Thapelo Letsholo, Member of Parliament for Kanye North, delivered a moving speech at the United Nations International Anti-Corruption Day commemoration, praising President Dr. Mokgweetsi Eric Keabetswe Masisi’s digitalization initiative in the fight against corruption. Letsholo highlighted the importance of embracing digitalization in governance as a crucial step in curbing corrupt practices.
According to Letsholo, the implementation of digital systems in government services can significantly reduce direct interactions between citizens and officials, which often serve as fertile grounds for corruption. By minimizing these opportunities for illicit activities, the efficiency and transparency of public services can be enhanced. Letsholo pointed to Estonia’s success in digital governance as an example, where public services have become more transparent, accessible, and efficient.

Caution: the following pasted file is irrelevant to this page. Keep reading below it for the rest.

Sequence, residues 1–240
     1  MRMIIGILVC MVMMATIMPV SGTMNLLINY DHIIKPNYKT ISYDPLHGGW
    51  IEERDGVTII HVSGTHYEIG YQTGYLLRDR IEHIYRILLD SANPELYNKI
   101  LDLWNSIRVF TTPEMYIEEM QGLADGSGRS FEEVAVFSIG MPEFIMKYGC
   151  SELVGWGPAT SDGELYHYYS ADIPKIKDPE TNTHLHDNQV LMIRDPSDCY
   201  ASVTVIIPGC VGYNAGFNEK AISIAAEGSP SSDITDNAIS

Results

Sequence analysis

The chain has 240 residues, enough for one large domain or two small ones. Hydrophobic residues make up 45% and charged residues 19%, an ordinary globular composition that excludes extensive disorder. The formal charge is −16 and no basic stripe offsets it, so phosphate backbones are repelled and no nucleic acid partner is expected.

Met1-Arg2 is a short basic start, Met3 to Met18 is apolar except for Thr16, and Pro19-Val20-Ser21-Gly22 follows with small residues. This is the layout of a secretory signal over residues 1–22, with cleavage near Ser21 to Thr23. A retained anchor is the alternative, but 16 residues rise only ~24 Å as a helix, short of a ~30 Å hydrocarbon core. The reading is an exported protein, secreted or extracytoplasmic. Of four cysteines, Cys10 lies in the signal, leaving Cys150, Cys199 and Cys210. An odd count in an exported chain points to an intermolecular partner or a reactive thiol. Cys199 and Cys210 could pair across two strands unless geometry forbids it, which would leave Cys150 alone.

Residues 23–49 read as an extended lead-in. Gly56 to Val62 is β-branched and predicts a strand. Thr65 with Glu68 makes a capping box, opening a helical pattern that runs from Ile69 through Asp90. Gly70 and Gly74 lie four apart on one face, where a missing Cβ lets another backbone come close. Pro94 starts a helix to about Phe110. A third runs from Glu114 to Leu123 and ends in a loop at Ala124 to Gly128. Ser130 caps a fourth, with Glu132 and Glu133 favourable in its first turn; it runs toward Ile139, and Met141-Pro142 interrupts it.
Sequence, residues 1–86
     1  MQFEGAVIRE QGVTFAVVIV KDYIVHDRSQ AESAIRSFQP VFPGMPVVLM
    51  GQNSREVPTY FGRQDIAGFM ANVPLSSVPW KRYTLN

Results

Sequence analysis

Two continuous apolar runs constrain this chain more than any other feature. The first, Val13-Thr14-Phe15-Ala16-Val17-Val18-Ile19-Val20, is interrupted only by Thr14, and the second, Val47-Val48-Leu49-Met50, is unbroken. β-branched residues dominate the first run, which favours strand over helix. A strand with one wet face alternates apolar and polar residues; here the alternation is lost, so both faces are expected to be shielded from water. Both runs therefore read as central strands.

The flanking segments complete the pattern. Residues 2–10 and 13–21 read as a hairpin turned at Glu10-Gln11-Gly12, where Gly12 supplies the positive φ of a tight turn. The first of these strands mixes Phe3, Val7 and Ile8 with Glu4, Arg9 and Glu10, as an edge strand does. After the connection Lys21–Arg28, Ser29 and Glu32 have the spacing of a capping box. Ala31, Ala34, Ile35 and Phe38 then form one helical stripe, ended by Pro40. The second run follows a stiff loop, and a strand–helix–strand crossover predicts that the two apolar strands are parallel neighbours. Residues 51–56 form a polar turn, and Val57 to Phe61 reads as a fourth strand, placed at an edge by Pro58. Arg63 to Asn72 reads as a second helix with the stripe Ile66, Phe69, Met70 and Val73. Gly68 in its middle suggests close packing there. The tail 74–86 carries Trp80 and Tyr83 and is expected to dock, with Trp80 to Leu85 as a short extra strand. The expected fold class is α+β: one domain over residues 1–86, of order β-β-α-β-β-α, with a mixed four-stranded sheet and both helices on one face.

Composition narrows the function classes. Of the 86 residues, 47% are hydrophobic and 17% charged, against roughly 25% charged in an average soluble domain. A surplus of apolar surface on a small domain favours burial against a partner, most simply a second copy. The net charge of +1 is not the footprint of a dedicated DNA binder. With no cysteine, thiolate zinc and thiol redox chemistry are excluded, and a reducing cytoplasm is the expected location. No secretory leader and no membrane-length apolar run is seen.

The MP commended President Masisi’s commitment to digitalization and E-Governance, emphasizing that it aligns with global anti-corruption standards. He called for full support and active participation from all sectors to ensure the success of this initiative.
Letsholo also stressed the importance of improving detection methods and refining whistleblower laws to effectively combat corruption. He highlighted the unseen and unspoken facets of corruption as its lifelines, emphasizing the need for robust detection mechanisms and a system that encourages and protects whistleblowers.